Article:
Submittals and Procedure Control
The contractor is responsible for review, approval and management of submittals and for timely delivery of approved materials, fabricated items and equipment to be installed. The contract lists the required submittals. The QCM certifies that each submittal is in compliance with the technical provisions of the contract.
The contractor prepares a submittals register and a network of scheduled activities, updated each month to minimize the potential for construction delays due to missing or unapproved materials or equipment. The schedule must allow adequate time for customer-approved submittals.

Testing
Testing is the contractor's responsibility and is essential to controlling quality. The contractor must:
Check the contract to determine required on-site and off-site testing.
Select qualified personnel, labs, equipment and procedures that comply with specified standards.
Schedule timely testing and follow up testing.
Submit required testing documentation in a timely manner.
The QAR may check laboratories, equipment and procedures for compliance.

The follow-up Phase
For each DFOW is surveillance, inspection and documentation of the work to determine continuation of compliance with the contract requirements and quality of workmanship confirmed during the preparatory and initial phases. The follow-up phase may be performed on a daily, routine or predetermined basis as required to ensure contract compliance. The follow-up phase is more productive when preceded by thorough preparatory and initial phases.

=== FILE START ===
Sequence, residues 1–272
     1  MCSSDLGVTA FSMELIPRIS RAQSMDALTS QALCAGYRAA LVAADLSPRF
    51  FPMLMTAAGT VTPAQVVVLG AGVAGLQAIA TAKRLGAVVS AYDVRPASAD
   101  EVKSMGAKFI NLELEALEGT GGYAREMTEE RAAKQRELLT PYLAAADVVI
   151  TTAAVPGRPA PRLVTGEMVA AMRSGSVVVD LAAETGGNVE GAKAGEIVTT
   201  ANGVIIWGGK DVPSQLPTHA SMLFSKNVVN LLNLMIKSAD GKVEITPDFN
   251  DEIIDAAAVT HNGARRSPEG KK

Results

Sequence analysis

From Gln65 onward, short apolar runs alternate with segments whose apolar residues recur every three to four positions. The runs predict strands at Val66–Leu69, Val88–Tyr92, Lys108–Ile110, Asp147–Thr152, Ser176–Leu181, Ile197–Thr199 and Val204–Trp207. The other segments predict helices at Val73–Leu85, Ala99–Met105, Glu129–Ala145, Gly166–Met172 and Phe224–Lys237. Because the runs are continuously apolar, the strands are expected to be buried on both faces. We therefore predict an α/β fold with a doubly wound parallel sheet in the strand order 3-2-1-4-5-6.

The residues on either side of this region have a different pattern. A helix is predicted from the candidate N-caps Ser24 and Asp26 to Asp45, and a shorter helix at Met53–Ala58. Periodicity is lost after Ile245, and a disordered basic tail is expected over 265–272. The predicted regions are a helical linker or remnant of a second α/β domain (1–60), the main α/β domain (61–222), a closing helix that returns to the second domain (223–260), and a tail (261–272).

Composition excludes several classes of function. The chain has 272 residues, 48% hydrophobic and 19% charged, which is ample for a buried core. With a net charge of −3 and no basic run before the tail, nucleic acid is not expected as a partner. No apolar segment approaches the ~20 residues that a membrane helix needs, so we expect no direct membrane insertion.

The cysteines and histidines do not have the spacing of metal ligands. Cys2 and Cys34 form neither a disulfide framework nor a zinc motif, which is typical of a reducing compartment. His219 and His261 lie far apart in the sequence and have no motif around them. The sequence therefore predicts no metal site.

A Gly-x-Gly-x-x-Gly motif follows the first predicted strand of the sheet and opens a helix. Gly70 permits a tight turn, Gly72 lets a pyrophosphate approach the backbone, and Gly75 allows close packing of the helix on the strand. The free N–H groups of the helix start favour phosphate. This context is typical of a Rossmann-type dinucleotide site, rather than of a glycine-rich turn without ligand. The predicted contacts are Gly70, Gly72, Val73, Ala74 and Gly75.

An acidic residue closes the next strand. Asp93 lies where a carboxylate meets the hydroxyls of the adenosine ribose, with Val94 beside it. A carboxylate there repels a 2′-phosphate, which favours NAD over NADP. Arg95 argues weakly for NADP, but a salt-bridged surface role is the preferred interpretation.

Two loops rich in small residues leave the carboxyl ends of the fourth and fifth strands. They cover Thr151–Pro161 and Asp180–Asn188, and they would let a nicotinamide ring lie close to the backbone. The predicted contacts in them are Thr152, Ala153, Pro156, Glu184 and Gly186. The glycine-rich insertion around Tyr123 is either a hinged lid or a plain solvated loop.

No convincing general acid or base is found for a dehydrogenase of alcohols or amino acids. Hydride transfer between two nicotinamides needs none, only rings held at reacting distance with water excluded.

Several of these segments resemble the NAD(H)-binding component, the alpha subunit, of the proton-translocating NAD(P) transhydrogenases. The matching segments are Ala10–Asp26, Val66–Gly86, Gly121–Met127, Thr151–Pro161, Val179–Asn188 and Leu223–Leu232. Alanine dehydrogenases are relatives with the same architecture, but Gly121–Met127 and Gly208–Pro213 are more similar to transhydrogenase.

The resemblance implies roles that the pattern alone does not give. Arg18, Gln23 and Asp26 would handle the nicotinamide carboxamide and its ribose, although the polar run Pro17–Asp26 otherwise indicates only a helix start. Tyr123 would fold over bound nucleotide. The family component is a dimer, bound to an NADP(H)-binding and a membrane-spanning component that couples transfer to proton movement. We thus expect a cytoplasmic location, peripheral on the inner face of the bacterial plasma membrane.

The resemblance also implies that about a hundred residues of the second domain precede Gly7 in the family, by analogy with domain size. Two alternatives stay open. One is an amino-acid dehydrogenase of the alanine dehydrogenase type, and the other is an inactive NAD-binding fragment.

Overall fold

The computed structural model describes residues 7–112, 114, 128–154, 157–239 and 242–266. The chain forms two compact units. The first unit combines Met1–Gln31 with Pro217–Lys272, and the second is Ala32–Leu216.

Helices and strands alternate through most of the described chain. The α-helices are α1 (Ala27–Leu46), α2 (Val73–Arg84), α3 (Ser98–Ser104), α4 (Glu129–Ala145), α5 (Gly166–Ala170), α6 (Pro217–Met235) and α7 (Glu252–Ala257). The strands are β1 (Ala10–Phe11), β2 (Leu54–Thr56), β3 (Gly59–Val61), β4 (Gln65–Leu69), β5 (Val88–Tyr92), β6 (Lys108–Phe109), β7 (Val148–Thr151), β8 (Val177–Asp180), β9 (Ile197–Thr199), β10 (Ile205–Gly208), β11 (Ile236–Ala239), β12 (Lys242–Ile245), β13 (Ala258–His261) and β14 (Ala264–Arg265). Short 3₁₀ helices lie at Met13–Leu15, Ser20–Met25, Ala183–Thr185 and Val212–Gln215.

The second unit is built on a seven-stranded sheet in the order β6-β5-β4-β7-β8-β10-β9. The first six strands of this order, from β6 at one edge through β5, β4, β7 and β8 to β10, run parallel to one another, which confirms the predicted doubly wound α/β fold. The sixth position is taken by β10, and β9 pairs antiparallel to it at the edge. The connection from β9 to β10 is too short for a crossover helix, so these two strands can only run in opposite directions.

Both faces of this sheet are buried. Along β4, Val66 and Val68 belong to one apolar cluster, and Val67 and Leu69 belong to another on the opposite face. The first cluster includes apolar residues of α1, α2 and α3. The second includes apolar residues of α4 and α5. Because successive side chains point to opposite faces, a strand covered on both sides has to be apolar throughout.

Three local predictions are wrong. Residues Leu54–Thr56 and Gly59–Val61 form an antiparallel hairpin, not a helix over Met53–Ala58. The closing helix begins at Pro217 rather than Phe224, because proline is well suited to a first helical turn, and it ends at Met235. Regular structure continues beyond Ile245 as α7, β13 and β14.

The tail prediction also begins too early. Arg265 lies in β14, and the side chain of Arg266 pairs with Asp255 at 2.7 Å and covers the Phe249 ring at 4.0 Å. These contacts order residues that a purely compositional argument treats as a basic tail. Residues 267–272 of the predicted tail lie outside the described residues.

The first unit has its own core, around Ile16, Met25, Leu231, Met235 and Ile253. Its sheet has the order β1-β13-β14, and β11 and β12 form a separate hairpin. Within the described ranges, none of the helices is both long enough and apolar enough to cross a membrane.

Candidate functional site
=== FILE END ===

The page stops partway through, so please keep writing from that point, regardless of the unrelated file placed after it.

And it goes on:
Completion inspections
Completion inspections by the contractor's QC organization ensure a facility that complies with the contract for turnover to the customer. When work is complete, the QCM conducts a punch out inspection. After correction of the punch list work, the QCM participates in a pre-final inspection and final acceptance inspection with the customer. Effective QC action enables the contractor to expeditiously schedule and complete outstanding compliance items. Prompt completion allows full payment to be made.

Reporting
Documentation is the proof of QC efforts and contract compliance. The required reports must be complete and accurate, must be validate the adequacy of quality controls and must be submitted on time.

Daily production reports document prime and sub-contractors activities and safety compliance. Daily QC reports list the DFOW, phase of control, observations, results of control actions taken and any corrective actions. Include complete information on the 3 phase controls, inspections, tests, rejected work and safety monitoring. Document instructions received from the customer. Each daily report must be referenced to its associated Schedule Activity ID.

Quality Assurance Representative Role
The quality assurance representative, QAR will review daily reports and other required documentation to determine the adequacy of the contractors QC system. The QAR' interest is that the contractor maintains the necessary control to prevent any "rework" or tear out. The QAR will emphasize inadequacies in the quality control program instead of individual construction deficiencies.

QC+QA=CQM
Construction quality management (CQM) requires the combined efforts of contractor QC personnel and customer QA personnel to achieve our shared goals - quality construction built safely, on time and within budget.